Panic is a frequent guest at wedding ceremonies. “Would-be-weds” anxious about the choice they’re making are terrorized by the thought of life-long commitment.
Parents fret about the cost of the cake, tuxes, wedding dresses, and sweat at the thought of an open bar. Add Gov. Jay Inslee to the list of panic-inducing stresses that afflict these celebrations.
COVID-19 may allow you to shop with hundreds of fellow mask-wearing, social-distancing strangers, but that is not so with weddings. On July 23, 2020, Inslee decreed that weddings may not have more than 30 persons in attendance.
You may shop inside the grocery store for a wedding deli platter to cater the event, but even Fred Meyer himself can have little more than two dozen people attend his nuptials to the future Mrs. Meyer.
If we can safely shop for groceries, as we have throughout the pandemic, then we can certainly attend weddings using similar protocols.
How can a virus be so intelligent that it can distinguish between the inside of a Safeway and a Catholic Church?
But the government of Washington under the absurd leadership of Inslee says it can. Under these edicts limits are placed on attendance at weddings, funerals, in restaurants, and at churches.
What about protests and riots?
Do these events pose a threat to public health by increasing the spread of the coronavirus? On the surface, it would seem these kinds of events would be a hotbed for increased virus transmission. Not according to the governor.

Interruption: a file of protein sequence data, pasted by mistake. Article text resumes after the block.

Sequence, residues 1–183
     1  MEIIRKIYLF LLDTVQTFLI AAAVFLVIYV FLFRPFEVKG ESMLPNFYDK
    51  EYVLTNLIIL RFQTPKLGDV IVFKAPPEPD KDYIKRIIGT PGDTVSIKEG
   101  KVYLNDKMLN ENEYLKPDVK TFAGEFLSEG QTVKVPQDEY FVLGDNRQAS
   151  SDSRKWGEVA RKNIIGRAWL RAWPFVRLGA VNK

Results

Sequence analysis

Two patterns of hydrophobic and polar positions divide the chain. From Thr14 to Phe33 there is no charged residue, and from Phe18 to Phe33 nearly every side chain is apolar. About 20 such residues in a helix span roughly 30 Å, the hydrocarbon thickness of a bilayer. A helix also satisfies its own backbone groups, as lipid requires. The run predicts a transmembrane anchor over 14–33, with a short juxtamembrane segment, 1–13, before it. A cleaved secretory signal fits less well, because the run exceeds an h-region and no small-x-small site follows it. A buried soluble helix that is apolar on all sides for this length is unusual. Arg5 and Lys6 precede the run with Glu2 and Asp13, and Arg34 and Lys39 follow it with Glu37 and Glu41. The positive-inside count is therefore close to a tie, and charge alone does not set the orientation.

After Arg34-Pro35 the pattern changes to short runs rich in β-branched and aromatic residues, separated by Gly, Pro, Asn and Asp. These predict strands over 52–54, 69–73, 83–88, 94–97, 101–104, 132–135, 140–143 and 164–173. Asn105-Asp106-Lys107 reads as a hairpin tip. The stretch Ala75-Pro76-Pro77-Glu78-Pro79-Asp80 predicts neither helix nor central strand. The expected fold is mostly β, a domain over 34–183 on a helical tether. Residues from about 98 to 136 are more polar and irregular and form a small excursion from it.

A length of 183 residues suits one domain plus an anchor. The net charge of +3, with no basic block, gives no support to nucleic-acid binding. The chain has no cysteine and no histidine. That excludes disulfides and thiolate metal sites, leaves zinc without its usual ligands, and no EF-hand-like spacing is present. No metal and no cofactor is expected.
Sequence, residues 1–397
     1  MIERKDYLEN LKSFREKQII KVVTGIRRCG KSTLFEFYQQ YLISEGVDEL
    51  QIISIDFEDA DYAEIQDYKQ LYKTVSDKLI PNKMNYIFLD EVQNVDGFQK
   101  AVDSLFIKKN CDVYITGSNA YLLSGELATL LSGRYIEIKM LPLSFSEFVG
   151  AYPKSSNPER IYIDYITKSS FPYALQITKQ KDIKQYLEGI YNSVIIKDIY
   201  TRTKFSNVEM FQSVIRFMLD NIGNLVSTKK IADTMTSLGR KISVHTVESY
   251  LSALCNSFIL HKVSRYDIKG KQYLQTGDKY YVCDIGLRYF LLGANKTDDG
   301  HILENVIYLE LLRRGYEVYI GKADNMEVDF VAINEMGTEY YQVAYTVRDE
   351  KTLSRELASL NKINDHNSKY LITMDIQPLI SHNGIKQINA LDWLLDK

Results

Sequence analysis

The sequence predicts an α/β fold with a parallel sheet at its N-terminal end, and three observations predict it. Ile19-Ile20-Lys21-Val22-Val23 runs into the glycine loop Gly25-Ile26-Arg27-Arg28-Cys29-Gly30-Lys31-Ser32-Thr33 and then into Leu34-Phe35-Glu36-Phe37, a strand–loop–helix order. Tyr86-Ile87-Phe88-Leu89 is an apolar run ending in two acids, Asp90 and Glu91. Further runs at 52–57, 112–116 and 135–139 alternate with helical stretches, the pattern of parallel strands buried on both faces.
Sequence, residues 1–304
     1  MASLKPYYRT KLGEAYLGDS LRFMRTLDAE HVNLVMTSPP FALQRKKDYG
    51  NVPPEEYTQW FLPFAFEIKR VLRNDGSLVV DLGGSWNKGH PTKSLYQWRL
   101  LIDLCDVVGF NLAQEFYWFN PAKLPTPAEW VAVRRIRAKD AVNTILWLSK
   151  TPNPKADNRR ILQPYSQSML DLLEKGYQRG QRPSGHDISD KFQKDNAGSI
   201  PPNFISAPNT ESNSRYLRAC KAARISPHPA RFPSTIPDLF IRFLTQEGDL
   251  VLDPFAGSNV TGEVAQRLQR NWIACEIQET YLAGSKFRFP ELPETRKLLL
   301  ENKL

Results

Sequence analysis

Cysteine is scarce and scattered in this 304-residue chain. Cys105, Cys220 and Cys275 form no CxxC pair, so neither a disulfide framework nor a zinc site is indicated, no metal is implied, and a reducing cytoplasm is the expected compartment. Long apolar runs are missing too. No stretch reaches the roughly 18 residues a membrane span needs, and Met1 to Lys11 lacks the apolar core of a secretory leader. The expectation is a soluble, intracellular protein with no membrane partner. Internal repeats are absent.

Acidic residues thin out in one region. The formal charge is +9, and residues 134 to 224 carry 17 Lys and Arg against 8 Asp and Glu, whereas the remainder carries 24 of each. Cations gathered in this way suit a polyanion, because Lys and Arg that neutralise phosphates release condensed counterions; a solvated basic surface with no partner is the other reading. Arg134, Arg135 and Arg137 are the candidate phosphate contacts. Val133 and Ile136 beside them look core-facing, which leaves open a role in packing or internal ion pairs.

In a report appearing on the NCW Life website on July 31, 2020, referring to large-scale protests in King County the governor stated, “Fortunately, we’ve got pretty good evidence that the protests have not caused a spike. The positivity (positive coronavirus tests) was like one-tenth of one percent, extremely low.”
If this is true, how can a wedding attended by a few hundred people be a greater threat to public health than protests attended by thousands?
It seems the governor trusts multitudes of impassioned protesters to behave more reasonably than he does those who want to see two people publicly avow their love for one another.
My son and his fiancée began planning their wedding more than a year ago. They planned on exchanging vows amid the alpine splendor of Ohme Gardens. This setting has been the center of the bride’s wedding plans for years.
The pair planned, and placed a deposit on, a wedding event that included 100 guests. Having sent out invitations, they were dismayed when Inslee reduced attendance at the blessed event to 50. Now he has lowered the number to 30.
These arbitrary limits put at risk the dreams and aspirations of a generation of young people. The nanny state is stealing milestone celebrations from a myriad of people of every race, color, sexual orientation, and creed.
Governor Inslee is sickening us, not by exposing us to a dangerous illness, but by denying us life.
Hiding in fear from sickness or death is not living. Life is dangerous. As with all serious dangers we act out of respect and mitigate the risk as best we can. We do not stop living.
I can’t prevent Inslee from purposely and carelessly ruining the lives of the citizens of this state.
I can tell you that my son and his fiancée will be married, and we will celebrate their union in a traditional and joyous manner.
Inslee can’t stop that.
Steve Piccirillo is a longtime resident of the Wenatchee Valley.